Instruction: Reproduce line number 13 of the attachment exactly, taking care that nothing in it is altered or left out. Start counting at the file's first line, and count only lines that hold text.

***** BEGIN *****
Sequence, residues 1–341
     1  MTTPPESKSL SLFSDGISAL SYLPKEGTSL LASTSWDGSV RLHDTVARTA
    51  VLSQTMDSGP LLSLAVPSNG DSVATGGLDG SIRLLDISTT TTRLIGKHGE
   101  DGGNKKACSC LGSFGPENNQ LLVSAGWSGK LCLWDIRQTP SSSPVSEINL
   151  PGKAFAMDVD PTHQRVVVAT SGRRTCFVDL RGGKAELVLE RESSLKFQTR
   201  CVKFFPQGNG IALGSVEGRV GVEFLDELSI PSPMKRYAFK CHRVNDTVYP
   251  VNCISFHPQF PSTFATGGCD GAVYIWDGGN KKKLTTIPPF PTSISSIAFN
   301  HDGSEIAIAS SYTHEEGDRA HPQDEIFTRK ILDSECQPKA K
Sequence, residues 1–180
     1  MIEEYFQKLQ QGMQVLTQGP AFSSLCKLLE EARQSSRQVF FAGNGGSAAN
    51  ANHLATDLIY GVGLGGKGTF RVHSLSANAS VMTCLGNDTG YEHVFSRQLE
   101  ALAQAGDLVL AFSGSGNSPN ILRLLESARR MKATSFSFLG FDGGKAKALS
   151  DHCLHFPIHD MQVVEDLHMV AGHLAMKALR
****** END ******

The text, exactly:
   151  DHCLHFPIHD MQVVEDLHMV AGHLAMKALR